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HF on Mars

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thechemist

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I thought it is time to discuss the recent announcement by Formisano et al. that ppm concentrations of HF exist on the Martian atmosphere.<br /><br />I start with some relevant HF data for Venus and Earth.<br />I'll keep searching and post if I find more specific info.<br /><br />The following is a quotation from :<br />"Longevity of fluorine-bearing tremolite on Venus" <br />by Natasha M. Johnson, and Bruce Fegley, Jr. <br />Icarus <br />Volume 165, Issue 2 , October 2003, Pages 340-348 <br /><br />link (won't work for everyone).<br /><br /><font color="yellow">"Hydrogen fluoride (HF) gas was discovered in Venus' atmosphere by [Connes et al., 1967] and determined to exist in trace amounts above and below the clouds at approximately 5 parts per billion by volume [Connes et al., 1967 and Bézard et al., 1990]. <br />By comparison, the average abundance of HF in Earth's troposphere is significantly smaller at 27±14 parts per trillion by volume [Sen et al., 1995]. <br /><br />Thermochemical equilibrium models predict that Venus and Earth contain similar inventories of fluorine [Fegley and Lewis, 1980] and calculations suggest that there is still a considerable amount of fluorine within the Venusian surface [Fegley and Treiman, 1992]. <br />On Earth, the sources for tropospheric HF are volcanic emissions and influxes of HF from the stratosphere due to photolysis of anthropogenic chlorofluorocarbons. The residence time of HF in Earth's troposphere is very short, approximately 5.5 days (calculations following [Warneck, 1988]), because HF is soluble and is removed by precipitation. <br />The sources for fluorine in Venus' atmosphere also include volcanic eruptions but fluorine (as HF) in Venus' atmosphere is most likely a direct result of Venus' high surface temperature. <br />The residence time of HF in Venus' atmosphere is probably longer because of the lack of precipitation. The combination of similar abundances of H</font> <div class="Discussion_UserSignature"> <em>I feel better than James Brown.</em> </div>
 
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thechemist

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ISO finds Fluoride Molecules in Interstellar Space <br />From ESA Bulletin Nr. 92.<br />Published November 1997.<br /><br /><font color="yellow">"Using ESA's Infrared Space Observatory satellite, ISO, a team of astronomers from Germany and the United States has discovered trace amounts of hydrogen fluoride gas in the near vacuum of interstellar space. <br /><br />Although approximately one hundred different kinds of molecules have been detected in interstellar space over the past 30 years, the discovery of hydrogen fluoride marks the first time that a molecule containing fluorine has been detected in an interstellar gas cloud. <br /><br />The observations were carried within a giant cloud of interstellar gas located near the centre of the Milky Way galaxy using the Long Wavelength Spectrometer, one of four instruments on board ISO. Looking in the far-infrared region of the electromagnetic spectrum, the astronomers observed the telltale signature of absorption by trace amounts of hydrogen fluoride gas."</font>/safety_wrapper> <div class="Discussion_UserSignature"> <em>I feel better than James Brown.</em> </div>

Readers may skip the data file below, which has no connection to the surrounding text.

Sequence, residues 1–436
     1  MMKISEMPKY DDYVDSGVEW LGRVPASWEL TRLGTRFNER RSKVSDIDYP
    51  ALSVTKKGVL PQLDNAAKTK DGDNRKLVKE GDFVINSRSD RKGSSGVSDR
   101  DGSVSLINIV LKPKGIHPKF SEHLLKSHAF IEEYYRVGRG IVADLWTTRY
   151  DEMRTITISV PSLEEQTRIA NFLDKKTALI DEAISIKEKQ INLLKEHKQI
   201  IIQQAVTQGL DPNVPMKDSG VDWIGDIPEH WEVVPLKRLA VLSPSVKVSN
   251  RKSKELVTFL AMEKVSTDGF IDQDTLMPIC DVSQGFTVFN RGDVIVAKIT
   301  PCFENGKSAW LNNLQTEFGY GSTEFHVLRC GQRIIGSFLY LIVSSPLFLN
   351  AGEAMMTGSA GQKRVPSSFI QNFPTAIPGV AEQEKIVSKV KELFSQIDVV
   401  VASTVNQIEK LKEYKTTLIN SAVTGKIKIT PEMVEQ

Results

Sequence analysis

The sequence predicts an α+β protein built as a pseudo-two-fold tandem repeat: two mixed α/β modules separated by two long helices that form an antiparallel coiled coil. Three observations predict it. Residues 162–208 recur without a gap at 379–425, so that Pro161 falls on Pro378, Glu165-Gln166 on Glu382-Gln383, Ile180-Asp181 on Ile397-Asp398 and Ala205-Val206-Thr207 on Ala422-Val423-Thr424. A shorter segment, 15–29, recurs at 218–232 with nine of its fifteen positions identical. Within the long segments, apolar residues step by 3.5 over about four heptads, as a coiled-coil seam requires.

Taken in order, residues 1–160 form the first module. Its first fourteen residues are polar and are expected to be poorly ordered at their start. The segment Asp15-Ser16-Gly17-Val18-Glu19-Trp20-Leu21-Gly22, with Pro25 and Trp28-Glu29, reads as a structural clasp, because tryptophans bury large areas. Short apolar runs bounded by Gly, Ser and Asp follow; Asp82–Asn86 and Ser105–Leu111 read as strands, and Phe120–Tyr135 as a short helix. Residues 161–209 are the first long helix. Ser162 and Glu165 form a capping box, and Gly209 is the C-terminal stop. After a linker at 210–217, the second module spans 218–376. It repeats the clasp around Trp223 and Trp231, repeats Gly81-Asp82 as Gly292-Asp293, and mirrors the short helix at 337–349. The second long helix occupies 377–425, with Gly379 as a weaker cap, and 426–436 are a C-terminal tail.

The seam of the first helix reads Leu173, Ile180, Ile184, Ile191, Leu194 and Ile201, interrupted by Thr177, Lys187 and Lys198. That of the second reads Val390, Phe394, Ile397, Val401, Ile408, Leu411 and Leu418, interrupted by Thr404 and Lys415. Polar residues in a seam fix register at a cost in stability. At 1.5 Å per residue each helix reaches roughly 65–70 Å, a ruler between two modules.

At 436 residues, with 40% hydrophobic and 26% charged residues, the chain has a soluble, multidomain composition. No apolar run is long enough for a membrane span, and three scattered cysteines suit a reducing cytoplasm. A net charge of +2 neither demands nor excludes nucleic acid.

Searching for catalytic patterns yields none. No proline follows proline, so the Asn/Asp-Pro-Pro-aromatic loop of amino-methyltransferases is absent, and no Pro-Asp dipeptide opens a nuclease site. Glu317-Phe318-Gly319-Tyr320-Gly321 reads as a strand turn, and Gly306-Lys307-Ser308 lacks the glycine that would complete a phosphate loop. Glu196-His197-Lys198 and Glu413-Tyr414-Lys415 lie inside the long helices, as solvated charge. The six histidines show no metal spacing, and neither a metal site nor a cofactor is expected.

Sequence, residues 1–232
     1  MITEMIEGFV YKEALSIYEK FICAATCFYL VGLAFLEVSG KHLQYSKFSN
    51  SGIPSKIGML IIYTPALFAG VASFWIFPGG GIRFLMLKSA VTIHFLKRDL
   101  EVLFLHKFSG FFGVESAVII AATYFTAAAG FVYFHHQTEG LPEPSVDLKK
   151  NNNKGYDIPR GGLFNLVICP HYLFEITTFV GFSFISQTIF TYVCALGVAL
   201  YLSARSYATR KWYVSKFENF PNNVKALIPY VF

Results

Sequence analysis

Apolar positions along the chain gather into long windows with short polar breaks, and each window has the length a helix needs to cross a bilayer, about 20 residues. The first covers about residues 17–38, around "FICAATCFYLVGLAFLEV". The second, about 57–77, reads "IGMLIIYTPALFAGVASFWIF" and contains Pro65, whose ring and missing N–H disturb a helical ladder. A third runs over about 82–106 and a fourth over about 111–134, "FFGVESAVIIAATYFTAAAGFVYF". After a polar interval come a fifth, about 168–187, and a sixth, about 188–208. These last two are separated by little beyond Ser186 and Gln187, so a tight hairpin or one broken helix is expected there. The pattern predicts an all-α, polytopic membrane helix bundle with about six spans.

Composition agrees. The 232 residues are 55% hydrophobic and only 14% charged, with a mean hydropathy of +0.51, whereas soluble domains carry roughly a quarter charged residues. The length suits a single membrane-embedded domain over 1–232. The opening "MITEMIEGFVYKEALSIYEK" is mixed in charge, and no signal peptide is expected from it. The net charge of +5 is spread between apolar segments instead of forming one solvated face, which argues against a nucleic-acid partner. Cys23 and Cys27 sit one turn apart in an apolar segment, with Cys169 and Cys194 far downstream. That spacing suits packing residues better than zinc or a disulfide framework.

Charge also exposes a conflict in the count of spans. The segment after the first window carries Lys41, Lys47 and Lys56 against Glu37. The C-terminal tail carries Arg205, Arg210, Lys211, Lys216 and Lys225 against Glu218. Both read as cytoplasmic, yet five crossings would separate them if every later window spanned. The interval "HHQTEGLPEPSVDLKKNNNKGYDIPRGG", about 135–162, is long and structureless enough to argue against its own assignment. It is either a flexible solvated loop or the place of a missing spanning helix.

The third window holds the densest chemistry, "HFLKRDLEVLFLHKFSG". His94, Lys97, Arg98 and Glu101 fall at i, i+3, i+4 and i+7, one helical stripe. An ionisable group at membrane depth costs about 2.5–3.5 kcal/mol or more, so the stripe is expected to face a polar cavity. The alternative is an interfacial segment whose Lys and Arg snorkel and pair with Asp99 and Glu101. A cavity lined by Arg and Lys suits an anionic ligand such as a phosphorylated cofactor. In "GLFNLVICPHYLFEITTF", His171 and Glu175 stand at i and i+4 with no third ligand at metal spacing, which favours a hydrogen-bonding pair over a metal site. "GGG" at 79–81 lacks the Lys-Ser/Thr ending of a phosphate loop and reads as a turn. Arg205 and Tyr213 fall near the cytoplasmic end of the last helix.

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blairf

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Similar to you TheChemist I saw the abstract and immediately thought mmmm thats odd lets find out more about HF. New findings are always interesting! My random thoughts/findings<br /><br />At the level reported HF is about a quarter as common as H20 (70 vs 200 ppm). That is extraordinarily high. Is it a misprint?<br /><br />HF is an excellent solvent (dissolves pretty much all oxides) and because of this has to be stored in Teflon test-tubes!<br /><br />At 200 ppm HF is highly posinous. Another reason (like we needed one) to not take your helmet off<br /><br />HF and H20 react together to produce a highly corrosive acid. Maybe some of the micro-formations on rocks we have been seeing at MER sites is due to this?<br /><br />HF is put forward as a 'water alternative' when people are thinking about alien life. Along with ammonia and methane it is the only obvious molecule with high enough dipoles to support the complex chemistry needed for life.<br /><br />The gas liquid phase diagram for pure HF is shown here<br /><br />http://www.airliquide.com/en/business/products/gases/gasdata/images/VaporPressureGraph/Hydrogen_Fluoride_Vapor_Pressure.GIF<br /><br />Mars is 6-10 mb and c150-250 K. This implies pure HF would generate an HF cycle similar to the water cycle here on earth!<br /><br />How has this been missed before? ppm should be exceedingly detectable. Is the HF bond difficult to pick out spectroscopically?<br /><br />HF reacts with methane to form CF4. This reaction generates a lot of energy. Some have speculated that this reaction may be part of the chemistry any methanotrophs use.<br /><br />Anyone know what the phase diagram for a 4:1 mix of H20 and HF looks like? Maybe the 'lakes' people have reported are real after all.<br /><br />This introduces a whole new set of questions for those studying Martian erosional processes, atmospheric th